28 marzo 2013

Thomas Fontaine and the House of Patou (1/2)

I'm sure that, within short, we'll read a lot about Thomas Fontaine. And to explain why, I need to go back a little and tell you -shortly- the story of the House of Patou.
The great couturier Jean Patou opened his first fashion house in 1912, and soon his sporty, informal clothing gained success, mainly in France and the USA. In 1925, like other couturiers were doing in those years, Patou launched his line of fragrances: Amour Amour, Que Sais-je? and Adieu Sagesse, composed by the great Henri Almèras The collaboration between Almèras and Patou continued for a long time: in 1928 they invented the suntan lotion Huile de Chaldee (for "outdoor holidays" that were coming in trend in that period) which was so successful that it had to be transformed into a perfume itself. In 1930 Almeras composed Joy, advertised as "the costliest perfume in the world", launched specifically to defeat the Depression in which the Western world had fallen after Wall Street collapsed in 1929.



In the same year Patou opened the first "Scent Bar" in the perfumery history: customers could choose between three ready bases and add essential oils of their choice, to get an "almost tailor-made" perfume signed Patou. 
Patou perfumes of the following years marked important moments in the history of France: Normandie (1935) celebrated the christening of the Normandie liner (every boarding guest was given a sample of this perfume), Vacances (1936) celebrated the paid holidays that French had just obtained, Colony (1938) was an home to the exhibition in Paris which had "Colonies" as main theme, L'Heure Attendue (1946) celebrated the liberation of Paris at the end of World War II. All these fragrances were riedited by Jean Kerlèo in the 80s, and relaunched under the name "Ma Collection".
Meanwhile, in 1936 Jean Patou died prematurely, and the company passed to his sister and brother in law, who continued his work. 
In 1940 Henri Giboulet (Eau de Joy, 1955 and Caline, 1964) was appointed "Parfumeur Maison" succeeding to Henri Almeras,  and in 1967 he passed the baton to Jean Kerléo (1000 in 1972, Ma Liberté in 1987 and Sublime in 1992).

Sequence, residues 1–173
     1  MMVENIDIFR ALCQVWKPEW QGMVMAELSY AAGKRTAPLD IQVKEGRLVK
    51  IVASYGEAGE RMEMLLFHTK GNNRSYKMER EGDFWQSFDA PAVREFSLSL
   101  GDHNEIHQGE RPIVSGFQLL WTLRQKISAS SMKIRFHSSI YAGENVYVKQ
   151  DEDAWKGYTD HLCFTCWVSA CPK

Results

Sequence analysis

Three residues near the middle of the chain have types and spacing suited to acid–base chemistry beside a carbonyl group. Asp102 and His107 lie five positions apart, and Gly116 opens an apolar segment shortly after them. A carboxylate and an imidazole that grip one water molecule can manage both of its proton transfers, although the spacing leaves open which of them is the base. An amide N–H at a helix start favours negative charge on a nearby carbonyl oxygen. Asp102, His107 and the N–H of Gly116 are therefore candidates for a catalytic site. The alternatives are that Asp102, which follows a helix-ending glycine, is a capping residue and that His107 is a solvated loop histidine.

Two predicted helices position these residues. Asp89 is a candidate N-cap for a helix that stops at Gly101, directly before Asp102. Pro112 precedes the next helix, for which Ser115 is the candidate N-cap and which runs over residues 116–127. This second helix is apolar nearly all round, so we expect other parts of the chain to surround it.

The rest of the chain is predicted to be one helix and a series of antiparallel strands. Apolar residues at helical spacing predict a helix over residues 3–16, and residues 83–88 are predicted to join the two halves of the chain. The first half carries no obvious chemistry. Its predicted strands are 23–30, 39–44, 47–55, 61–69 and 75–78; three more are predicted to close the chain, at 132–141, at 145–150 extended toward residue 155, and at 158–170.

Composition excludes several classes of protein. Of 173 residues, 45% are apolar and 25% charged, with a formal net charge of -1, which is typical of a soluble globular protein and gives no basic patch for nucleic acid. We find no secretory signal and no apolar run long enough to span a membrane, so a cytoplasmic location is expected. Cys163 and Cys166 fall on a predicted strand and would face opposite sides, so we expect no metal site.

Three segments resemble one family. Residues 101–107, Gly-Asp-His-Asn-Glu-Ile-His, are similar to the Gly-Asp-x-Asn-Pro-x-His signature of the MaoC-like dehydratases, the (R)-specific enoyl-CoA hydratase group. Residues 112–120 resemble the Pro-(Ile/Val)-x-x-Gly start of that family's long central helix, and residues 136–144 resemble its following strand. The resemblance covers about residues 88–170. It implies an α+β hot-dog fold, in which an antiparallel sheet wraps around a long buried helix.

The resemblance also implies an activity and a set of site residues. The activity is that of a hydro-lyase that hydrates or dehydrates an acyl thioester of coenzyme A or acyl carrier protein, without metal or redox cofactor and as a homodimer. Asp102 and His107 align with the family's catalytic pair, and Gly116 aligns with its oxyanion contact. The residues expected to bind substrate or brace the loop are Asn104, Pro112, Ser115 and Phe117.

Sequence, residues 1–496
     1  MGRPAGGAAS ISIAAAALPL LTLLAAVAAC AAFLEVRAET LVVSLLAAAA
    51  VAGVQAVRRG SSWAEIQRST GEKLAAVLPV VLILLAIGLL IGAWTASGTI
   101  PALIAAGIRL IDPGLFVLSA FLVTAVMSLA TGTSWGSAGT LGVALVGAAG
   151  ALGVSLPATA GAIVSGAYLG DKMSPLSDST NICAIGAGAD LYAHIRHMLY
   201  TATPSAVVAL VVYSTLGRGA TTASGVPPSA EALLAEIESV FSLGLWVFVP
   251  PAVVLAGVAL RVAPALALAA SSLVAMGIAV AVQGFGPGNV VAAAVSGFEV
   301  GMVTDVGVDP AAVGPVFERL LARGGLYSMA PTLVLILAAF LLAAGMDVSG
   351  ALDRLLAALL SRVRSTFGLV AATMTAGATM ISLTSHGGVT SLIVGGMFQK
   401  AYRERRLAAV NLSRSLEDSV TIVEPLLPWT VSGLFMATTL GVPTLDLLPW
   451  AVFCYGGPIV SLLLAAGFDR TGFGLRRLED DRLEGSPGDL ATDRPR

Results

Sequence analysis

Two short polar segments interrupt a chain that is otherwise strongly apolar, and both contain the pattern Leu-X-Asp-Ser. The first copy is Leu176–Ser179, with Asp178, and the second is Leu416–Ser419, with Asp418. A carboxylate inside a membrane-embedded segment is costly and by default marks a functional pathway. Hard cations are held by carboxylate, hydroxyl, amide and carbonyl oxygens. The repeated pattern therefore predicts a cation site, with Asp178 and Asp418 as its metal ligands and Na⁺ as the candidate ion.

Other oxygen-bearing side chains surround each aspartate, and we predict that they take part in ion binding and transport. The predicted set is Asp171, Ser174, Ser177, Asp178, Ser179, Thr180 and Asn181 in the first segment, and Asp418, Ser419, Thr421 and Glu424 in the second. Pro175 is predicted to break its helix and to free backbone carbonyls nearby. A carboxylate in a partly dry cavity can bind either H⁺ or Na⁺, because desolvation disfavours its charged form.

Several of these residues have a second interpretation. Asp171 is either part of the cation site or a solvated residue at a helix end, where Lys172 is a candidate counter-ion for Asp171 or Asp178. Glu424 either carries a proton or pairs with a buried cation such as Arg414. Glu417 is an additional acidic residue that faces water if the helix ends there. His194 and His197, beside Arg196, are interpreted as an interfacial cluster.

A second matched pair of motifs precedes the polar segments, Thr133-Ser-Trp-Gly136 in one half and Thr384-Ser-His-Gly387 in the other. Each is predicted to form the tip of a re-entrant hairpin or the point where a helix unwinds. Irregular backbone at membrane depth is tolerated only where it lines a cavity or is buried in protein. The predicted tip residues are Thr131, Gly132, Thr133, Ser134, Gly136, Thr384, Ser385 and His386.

Thirty years later, in 1998, Jean Kerléo retired and was replaced by his young pupil Jean Michel Duriez (Un Amour de Patou, 1998; EnJoy, 2003; Sira des Indes, 2006). 
In 2001, Patou's great-grandson Jean de Mouy, sold the brand to the multinational Company Procter & Gamble, which maintained the collaboration with Michel Duriez and even entrusted him with the composition of Rochas perfumes, acquired in meantime. 
At the end of 2011, Patou was sold to Designer Parfums, a British group with a rich portfolio: Worth, Aigner Parfums, Jean Louis Scherrer and Agent Provocateur. Designer Parfums showed plans to restore the masterpieces of its heritage brands (mainly Worth and Patou).
Michel Duriez, however, hasn't followed Patou and is currently still working in Procter & Gamble, thus it was necessary to find an expert able to wisely handle an artistic heritage of inestimable value: Thomas Fontaine
Thomas, with his company "Pallida" possess the finesse required to respect the legacy he receives from Patou, and bring it into the 21st century without distorting it. He has a long experience gained over several decades in companies specializing in nature such as Mane, Charabot and at the German Technico-Flor, working for brands such as Lubin (Gin Fizz), Grès, L'Occitane, D&G, Leonard, JC Brosseau (Bois D'Orient and Shadows Platine). 
I met him twice, and I'm happy to share some conversations we had on his challenge at Patou's. (follows here)

Pic: thanx to Perfumeshrine!




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